Episode 24 – Olivia, Age 13: Fake friends versus real friends

Some friendships have limits

Kids Ask Dr. Friendtastic
Kids Ask Dr. Friendtastic
Episode 24 – Olivia, Age 13: Fake friends versus real friends


Think About It Questions

  • Why do you think kids sometimes pretend to like someone when they don’t?
  • Think of a time when a friend made a mistake that hurt or upset you. How did you handle it? How would you want a friend to respond if you made a mistake?
  • How is a limited friendship different from a fake friendship? Do you think it’s possible to like someone and enjoy their company if you only have a limited friendship? Why or why not?
  • Why does Dr. Friendtastic suggest lowering your expectations in a limited friendship? What do you think that means? How might that help the friendship? How might lower expectations help you?
  • What do you think are the essential ingredients of all friendships, whether they’re very close or more limited? (In other words, what are the basic expectations for a friendship that you should never lower?)
  • How could mind-reading hurt a friendship? What might happen if you guess wrong about what someone else is thinking or trying to do?


Welcome! I’m Dr. Eileen Kennedy-Moore, also known as Dr. Friendtastic. I’m an author and clinical psychologist based in Princeton, NJ.

Before we get to today’s question, I want to share some exciting news: My new book just came out! It’s called Growing Feelings: A Kids’ Guide to Dealing with Emotions about Friends and Other Kids. It’s a sequel to my book Growing Friendships: A Kids’ Guide to Making and Keeping Friends. These funny and useful books are available through your library or wherever you buy books.

OK, here’s today’s question:

My name’s Olivia, and I'm 13 years old, and I want to know, um what are the signs of knowing that you're in a fake friendship?

Hi, Olivia. That’s a very interesting question!

First, we have to talk about what it means to be a “fake” friend. To me, that’s someone who acts friendly toward us but is unkind at other times and doesn’t genuinely care about us. So they’re not really a friend.

Some examples of a fake friend might be someone who only acts friendly when they want something from us, or someone who’s nice to our face but blabs our secrets or says nasty things about us when we’re not around, or–here’s a tricky one–someone who’s kind when we’re struggling but withdraws when things are going well for us because they feel jealous or threatened, which means they don’t really wish us well.

The word “fake” implies that they’re trying to trick us. Be careful there–that’s mind-reading! Mind-reading means assuming we know what someone else is thinking. But we can’t know for sure what’s going on in someone else’s mind unless they tell us. What we imagine they’re thinking is only a guess, and it could be wrong. It’s important to remember that.

Your question makes me think that maybe something happened between you and a friend that made you doubt whether that friend really cares about you. Now, maybe they’re a fake friend, and they were trying to trick you, but there are other possibilities.

Maybe they care about you, but they made a mistake. That happens. None of us is perfect. Maybe your friend was upset and said or did something not-so-kind in the heat of the moment. Maybe they didn’t realize whatever it was would bother you. Maybe they just did something–without even thinking–that ended up hurting you, but they didn’t mean to.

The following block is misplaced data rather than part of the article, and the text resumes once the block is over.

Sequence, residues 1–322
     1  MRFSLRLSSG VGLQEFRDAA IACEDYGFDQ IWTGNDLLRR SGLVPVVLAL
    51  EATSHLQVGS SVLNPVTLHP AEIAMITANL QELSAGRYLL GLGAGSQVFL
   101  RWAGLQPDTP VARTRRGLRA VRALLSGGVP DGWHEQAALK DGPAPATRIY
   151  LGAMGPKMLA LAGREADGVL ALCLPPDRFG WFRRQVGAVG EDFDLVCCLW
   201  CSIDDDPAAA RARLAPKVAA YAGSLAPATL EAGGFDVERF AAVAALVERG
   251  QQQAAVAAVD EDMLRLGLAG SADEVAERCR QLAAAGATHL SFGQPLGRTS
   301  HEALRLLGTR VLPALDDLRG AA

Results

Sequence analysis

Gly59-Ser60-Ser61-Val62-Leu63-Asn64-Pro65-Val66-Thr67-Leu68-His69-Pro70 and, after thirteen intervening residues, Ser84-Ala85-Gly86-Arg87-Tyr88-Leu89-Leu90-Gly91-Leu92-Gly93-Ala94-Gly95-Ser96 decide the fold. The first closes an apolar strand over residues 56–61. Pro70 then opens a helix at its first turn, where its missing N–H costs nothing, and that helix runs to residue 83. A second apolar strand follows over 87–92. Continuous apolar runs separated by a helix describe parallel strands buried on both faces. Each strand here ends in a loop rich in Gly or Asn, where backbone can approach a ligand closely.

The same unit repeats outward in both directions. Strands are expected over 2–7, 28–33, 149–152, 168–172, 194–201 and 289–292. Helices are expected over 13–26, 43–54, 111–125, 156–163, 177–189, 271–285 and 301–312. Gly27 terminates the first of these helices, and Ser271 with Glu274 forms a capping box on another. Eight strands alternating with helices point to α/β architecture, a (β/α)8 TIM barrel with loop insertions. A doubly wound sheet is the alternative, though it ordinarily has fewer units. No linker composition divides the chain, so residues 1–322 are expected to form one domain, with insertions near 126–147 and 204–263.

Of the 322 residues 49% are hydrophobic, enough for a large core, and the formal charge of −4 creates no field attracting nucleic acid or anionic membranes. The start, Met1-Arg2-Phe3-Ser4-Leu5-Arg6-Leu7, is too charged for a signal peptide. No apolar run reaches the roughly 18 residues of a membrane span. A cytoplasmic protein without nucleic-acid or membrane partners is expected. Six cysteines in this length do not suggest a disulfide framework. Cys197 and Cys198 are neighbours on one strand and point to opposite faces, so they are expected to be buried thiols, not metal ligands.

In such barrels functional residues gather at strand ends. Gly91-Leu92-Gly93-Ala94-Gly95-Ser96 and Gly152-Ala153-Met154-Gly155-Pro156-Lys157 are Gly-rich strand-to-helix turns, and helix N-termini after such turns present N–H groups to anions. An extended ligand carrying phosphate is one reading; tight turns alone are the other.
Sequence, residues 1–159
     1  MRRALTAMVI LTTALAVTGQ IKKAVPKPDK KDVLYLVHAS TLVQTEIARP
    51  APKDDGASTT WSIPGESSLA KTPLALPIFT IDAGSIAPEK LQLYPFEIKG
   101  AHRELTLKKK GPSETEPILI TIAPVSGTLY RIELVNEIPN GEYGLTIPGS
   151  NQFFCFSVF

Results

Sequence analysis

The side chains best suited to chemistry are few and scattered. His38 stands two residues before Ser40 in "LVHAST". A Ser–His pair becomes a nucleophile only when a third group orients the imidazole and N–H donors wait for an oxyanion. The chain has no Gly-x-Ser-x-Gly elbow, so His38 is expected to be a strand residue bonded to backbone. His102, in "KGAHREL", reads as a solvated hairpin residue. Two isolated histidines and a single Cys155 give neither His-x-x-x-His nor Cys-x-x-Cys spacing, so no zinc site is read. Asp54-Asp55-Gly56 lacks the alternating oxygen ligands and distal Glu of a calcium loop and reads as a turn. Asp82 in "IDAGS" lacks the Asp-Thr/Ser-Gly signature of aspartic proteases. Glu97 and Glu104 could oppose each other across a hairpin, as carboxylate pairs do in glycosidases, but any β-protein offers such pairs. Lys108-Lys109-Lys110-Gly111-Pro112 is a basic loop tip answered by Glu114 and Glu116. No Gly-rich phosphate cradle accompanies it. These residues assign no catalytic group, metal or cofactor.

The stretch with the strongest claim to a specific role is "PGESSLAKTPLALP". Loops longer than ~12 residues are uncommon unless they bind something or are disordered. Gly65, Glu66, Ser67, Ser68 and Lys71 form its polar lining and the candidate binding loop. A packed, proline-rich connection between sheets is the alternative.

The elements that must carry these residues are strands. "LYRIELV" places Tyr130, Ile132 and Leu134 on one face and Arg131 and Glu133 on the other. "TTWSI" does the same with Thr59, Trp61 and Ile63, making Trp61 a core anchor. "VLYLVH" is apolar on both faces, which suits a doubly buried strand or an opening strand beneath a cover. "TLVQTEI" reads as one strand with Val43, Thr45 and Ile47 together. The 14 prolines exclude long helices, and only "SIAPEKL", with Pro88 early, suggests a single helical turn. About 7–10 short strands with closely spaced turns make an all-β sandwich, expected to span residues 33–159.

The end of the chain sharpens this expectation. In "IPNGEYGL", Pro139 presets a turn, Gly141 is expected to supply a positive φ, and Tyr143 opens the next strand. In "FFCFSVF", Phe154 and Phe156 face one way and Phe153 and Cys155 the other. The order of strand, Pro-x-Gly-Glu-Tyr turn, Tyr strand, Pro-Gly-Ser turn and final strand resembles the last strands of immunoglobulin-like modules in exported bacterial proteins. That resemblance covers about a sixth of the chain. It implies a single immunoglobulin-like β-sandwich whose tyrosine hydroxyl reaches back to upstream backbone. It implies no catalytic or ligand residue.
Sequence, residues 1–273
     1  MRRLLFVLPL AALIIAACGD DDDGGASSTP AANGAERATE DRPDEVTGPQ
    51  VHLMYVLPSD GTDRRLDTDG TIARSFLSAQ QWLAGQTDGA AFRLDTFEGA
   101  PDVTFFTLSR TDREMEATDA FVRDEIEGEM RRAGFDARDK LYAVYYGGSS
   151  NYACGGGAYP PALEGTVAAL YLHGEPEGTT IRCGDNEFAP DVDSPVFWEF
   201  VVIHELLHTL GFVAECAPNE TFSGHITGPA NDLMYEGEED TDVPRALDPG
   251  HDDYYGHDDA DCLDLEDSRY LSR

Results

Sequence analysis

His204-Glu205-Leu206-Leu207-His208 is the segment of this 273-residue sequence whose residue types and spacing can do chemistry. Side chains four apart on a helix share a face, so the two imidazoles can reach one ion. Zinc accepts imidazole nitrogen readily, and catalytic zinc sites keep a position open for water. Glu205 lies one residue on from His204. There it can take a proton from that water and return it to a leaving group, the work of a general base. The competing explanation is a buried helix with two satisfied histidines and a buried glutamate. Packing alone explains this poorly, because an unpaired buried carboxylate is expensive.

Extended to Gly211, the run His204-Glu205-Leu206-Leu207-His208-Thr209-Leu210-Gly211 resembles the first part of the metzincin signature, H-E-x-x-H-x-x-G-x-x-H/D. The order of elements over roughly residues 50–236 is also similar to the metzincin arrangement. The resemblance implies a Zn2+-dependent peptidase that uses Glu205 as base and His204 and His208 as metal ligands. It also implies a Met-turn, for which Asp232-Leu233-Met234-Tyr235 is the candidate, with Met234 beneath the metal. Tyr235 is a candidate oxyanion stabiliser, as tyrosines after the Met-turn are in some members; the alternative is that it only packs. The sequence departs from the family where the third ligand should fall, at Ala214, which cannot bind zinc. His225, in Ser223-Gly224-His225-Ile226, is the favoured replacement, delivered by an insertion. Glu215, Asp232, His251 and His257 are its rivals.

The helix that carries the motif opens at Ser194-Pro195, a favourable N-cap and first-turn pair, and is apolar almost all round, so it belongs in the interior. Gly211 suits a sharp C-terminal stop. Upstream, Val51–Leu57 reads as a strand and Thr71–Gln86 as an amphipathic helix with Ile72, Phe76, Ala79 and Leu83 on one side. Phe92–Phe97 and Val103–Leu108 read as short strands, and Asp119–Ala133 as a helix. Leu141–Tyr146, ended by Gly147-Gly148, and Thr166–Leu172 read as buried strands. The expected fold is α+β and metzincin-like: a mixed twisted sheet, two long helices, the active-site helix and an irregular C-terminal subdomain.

If that friend is usually kind, you may want to try talking things out. Listen to the friend’s perspective and also explain what bothered you and what you’d like them to do differently from now on.

Another possibility is that this isn’t a fake friendship; it’s a limited friendship. A limited friendship involves someone whose company you sometimes enjoy but not someone who you can count on no matter what. Not every friend is going to be a soul mate, and that’s okay. In limited friendships, kids like each other, but maybe they don’t know or like each other as much as they like other people, so there are limits on what they’ll do for each other.

If you think this might be a limited friendship, then you might need to lower your expectations. Maybe someday the friendship will grow into a close friendship, but in the meantime, don’t expect this casual friend to act the same as a close friend. Try to figure out what you can or can’t count on from this friend. Also, think about what you can give this friend without feeling used or resentful.

For instance, maybe this is someone who you can enjoy chatting with at the bus stop but not someone you can trust with your secrets. Or maybe you’ll have fun hanging out with this friend when you’re together as part of a group but you’re not close enough to invite this friend for a sleepover.

Friendships are complicated, and they can change over time. You can have and enjoy lots of different kinds of friends, but the essential ingredients of any good friendship are caring about each other and enjoying being together.

This has been Kids Ask Dr. Friendtastic. If you have a question about making and keeping friends that you’d like me to answer, go to DrFriendtastic.com, and click on the podcast tab to see how to submit your question.

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